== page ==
Methodology for retinal photography and assessment of diabetic retinopathy: the EURODIAB IDDM Complications Study
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- Aldington, S.J., Kohner, E.M., Meuer, S. et al. Diabetologia (1995) 38: 437. doi:10.1007/BF00410281
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We present the methodology for 45‡ retinal photography and detail the development, application and validation of a new system of 45‡ field grading standards for the assessment of diabetic retinopathy. The systems were developed for the EURODIAB IDDM Complications Study, part of a European Community funded Concerted Action Programme into the epidemiology and prevention of diabetes (EURODIAB). Assessment of diabetic retinopathy was carried out centrally by a trained reader of colour retinal photographs using the newly-developed system. The system proved to be acceptably accurate, repeatable and relatively simple to apply. It compared well with the recognised ‘gold standard’ 7-field 30‡ stereo photography (assessed using a modified Airlie House classification scheme), against which the new system was validated in a series of 48 eyes. Selection was as a stratified random sample based on clinical retinopathy status: 5, no retinopathy; 25, non-proliferative retinopathy; 16, proliferative or photocoagulated; plus 2, eyes with potentially confounding lesions (vein occlusion). Simple presence of retinal lesions was correctly detected by both systems in 43 of the 48 eyes, giving 100% agreement on detection. Both systems correctly identified the two known cases of confounding vein occlusion. In eyes with diabetic retinopathy (n=41), when severity was expressed in three groups: mild background, moderate/severe background and proliferative/ photocoagulated, at least one grader (out of five) using the new system matched the verified results in 38 out of 41 (93%) eyes and three or more graders matched in 31 (76%) eyes. Individually the five graders' 2-field allocations agreed well with the verified levels (median number of agreements 37, range 28–43). Repeatability was assessed by measures of within and between observer variation using randomly selected samples of 10% (n=252 eyes) and 5% (n=123 eyes) of the main study, respectively, expressed as a resultant kappa value for chance-corrected proportional agreement. Within observer assessment yielded a kappa of 0.85 and between observers a value of 0.83; indicating very good agreement for both measures. The method is particularly useful for large epidemiological studies, in which participating centres have a limited experience in retinal photography.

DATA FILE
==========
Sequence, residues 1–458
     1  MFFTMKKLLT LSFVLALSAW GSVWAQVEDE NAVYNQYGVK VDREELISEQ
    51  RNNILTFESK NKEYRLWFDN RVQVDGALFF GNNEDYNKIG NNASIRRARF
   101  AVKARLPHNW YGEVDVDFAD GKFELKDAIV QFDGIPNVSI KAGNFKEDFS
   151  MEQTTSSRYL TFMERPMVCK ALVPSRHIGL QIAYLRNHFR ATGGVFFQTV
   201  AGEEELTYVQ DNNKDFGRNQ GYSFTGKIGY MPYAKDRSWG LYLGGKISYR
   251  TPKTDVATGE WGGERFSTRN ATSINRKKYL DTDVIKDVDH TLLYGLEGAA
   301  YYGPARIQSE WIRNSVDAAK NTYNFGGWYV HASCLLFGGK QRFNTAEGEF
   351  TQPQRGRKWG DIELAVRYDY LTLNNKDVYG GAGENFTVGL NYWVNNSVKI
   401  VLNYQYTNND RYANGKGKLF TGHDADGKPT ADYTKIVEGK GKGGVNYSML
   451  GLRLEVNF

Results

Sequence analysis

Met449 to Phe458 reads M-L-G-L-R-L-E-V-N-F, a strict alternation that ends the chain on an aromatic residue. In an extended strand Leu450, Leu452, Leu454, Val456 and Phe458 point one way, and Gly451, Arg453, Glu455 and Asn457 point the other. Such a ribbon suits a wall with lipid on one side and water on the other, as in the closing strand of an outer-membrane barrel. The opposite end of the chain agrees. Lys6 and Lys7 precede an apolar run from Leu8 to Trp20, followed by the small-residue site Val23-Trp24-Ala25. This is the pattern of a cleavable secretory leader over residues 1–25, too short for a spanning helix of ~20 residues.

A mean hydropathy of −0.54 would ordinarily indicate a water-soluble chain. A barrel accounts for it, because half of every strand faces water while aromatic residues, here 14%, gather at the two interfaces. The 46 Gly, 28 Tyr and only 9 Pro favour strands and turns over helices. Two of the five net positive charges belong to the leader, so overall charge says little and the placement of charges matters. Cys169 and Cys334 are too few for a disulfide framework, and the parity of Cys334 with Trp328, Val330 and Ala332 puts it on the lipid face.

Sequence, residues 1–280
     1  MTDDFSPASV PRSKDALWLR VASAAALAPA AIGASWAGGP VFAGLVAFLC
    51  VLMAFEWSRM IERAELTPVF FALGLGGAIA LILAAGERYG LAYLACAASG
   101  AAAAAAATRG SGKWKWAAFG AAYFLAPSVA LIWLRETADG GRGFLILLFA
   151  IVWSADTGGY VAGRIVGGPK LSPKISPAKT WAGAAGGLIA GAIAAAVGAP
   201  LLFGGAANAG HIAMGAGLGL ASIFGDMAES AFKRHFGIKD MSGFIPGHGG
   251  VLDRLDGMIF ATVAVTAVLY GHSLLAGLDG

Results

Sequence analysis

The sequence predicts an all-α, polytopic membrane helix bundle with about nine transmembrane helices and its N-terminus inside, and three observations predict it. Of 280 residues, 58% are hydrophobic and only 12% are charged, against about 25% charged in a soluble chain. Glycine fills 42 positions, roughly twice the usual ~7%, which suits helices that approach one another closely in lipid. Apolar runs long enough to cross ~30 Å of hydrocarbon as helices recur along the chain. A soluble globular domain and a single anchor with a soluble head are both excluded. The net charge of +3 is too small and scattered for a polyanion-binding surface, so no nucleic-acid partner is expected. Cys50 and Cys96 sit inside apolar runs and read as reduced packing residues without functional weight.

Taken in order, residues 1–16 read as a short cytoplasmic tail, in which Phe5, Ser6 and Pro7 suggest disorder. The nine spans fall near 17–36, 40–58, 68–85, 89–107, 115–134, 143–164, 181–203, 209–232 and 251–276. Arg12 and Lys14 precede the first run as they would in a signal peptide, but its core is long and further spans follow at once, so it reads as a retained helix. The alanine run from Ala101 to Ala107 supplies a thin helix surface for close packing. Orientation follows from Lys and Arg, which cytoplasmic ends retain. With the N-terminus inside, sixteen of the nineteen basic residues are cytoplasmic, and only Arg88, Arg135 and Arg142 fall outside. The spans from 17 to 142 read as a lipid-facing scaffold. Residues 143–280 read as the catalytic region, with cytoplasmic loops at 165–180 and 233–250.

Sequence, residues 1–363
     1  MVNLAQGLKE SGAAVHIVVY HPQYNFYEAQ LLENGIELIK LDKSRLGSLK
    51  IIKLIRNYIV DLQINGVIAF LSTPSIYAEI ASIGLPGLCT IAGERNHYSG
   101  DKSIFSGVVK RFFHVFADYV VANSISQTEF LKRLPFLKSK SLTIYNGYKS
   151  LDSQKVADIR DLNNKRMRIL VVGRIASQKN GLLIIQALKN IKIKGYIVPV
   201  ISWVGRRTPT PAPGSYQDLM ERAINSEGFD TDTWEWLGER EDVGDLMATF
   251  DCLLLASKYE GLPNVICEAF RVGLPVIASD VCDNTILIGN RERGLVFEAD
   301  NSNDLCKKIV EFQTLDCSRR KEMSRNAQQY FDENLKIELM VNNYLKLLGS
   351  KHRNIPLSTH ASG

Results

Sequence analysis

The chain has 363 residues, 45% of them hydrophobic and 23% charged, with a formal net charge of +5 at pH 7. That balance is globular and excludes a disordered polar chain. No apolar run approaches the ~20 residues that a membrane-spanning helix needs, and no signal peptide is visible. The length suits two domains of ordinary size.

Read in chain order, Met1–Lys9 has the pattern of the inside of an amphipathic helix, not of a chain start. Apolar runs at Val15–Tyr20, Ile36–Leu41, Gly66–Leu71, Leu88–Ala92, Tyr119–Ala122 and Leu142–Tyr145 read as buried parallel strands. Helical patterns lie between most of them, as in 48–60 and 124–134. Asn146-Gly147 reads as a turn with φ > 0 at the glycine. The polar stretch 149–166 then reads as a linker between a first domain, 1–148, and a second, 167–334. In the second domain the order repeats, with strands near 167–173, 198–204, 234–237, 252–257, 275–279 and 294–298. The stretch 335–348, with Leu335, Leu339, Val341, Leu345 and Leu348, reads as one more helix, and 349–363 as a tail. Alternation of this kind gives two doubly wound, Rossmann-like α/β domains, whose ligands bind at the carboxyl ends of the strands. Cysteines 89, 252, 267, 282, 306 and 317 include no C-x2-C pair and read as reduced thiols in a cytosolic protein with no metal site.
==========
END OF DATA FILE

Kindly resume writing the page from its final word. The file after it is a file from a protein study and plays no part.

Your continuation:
Key wordsInsulin-dependent diabetes diabetic retinopathy retinal photography grading scheme
Haemorrhages and microaneurysms
Early Treatment Diabetic Retinopathy Study